HIGH SPRINGS – High Springs City Manager Ed Booth and the city commission are forging ahead to resolve issues that have lingered through the past several months, and in some cases, years. Commissioners approved a letter on Nov. 20, which is expected to be sent on or about Nov. 25, requiring property owners who are not paying for solid waste services to do so.
In previous meetings, Booth said the city has apparently known about this for some time, but has not had the manpower to identify those parties and address the issue. This past year property owners not in compliance have been identified and a letter to owners requiring them to abide by Section 62-37(b) of the High Springs Code of Ordinances will be sent to each.
The letter states that even if a property owner elects to dispose of their garbage and trash themselves, they will continue to pay the minimum monthly charge of $19.50. “This is a public health issue,” said Booth. “We have the tools to resolve this problem and to make it less likely people will dump trash on vacant property in our city,” he said in a subsequent interview.
A little more than 250 properties are currently not paying for solid waste removal, although some of them may be receiving the service. Aside from a public health issue, it also is a financial issue as the income from those properties which may already be receiving the service, but not paying for it, amounts to almost $60,000 a year in lost fees.
The letter states, “The monthly charge will be billed to your residence or business account through September 2015. After that time the annual amount, along with any unpaid amounts, will be assessed and paid through your property taxes. The deposit for garbage is fifty dollars ($50.00) and will be refunded to you once your garbage fees have been added to your property tax bill.”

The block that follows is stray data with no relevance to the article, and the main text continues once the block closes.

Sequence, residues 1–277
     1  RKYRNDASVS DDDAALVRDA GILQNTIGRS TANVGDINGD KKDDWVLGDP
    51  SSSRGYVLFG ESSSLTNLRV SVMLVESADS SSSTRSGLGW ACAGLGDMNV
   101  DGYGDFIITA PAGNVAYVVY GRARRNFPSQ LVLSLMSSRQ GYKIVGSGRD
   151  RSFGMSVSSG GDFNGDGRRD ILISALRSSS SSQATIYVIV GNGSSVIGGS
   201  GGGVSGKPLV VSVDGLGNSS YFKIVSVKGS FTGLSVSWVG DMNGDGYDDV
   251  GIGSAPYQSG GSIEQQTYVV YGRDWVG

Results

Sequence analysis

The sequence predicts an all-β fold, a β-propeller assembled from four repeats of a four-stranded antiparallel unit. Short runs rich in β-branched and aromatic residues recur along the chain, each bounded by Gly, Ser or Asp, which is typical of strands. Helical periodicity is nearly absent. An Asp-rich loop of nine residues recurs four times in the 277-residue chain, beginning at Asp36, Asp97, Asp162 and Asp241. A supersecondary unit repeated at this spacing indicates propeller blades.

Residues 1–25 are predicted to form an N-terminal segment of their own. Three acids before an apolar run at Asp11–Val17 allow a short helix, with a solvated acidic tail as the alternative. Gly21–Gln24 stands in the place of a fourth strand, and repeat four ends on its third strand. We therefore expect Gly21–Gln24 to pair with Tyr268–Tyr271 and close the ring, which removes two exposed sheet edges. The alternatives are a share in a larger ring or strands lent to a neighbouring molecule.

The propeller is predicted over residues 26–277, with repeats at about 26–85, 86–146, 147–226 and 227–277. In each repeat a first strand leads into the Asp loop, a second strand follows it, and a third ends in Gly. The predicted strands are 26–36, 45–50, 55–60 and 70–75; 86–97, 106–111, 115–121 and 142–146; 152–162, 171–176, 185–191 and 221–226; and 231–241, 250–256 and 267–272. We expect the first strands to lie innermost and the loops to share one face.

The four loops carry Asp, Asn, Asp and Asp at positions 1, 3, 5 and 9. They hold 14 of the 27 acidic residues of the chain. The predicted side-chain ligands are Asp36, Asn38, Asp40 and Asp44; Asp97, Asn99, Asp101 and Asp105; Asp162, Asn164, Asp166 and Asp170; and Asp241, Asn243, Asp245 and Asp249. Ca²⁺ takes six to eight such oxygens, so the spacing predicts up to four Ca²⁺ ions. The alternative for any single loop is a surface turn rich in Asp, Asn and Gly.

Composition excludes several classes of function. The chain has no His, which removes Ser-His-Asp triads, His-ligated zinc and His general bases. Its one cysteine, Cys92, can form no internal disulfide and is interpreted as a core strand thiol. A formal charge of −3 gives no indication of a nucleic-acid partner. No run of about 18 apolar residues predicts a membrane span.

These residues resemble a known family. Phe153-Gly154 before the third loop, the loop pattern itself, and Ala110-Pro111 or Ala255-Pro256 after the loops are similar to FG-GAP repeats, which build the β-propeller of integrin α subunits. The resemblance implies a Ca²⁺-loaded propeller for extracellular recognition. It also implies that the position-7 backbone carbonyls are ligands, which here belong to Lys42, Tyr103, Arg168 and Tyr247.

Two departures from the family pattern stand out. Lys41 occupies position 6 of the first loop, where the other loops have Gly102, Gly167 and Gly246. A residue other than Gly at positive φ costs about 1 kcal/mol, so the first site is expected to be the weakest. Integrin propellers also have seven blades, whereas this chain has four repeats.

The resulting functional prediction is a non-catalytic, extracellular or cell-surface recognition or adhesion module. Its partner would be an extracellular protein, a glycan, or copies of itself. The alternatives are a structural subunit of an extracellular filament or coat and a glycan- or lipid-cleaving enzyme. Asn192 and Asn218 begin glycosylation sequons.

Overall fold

In other action, commissioners set workshop dates in January to tackle some of the items the previous commission had identified and requested workshops be held.
On Jan. 13 the city commission will hold a workshop concerning whether restaurants can serve hard liquor on Sunday. Part of that question also involves whether hard liquor can only be served in the business district or throughout the city.
On Jan. 20 the commission will hold a workshop to discuss the costs and benefits of continuing to provide a local police dispatch system.
In February, a symposium on economic development will be held, although the exact date has not been set as of this printing.
“I want to bring all the stakeholders to the table,” said Booth. Business and industrial park owners will be invited to participate. “We need to create a pamphlet to hand out to businesses considering a move to this area...something showing future development opportunities. In the system we're in now, the county reacts to information provided by the state. We will continue to work through that system, but we need to determine what we can do to bring businesses to our area. What can we offer? Should we offer abatement as an enticement to businesses to come here? These and several more questions that need to be discussed and a plan of action needs to be produced,” he said.
“We need to decide what types of businesses we want to attract to our area and aggressively go after them,” he said.
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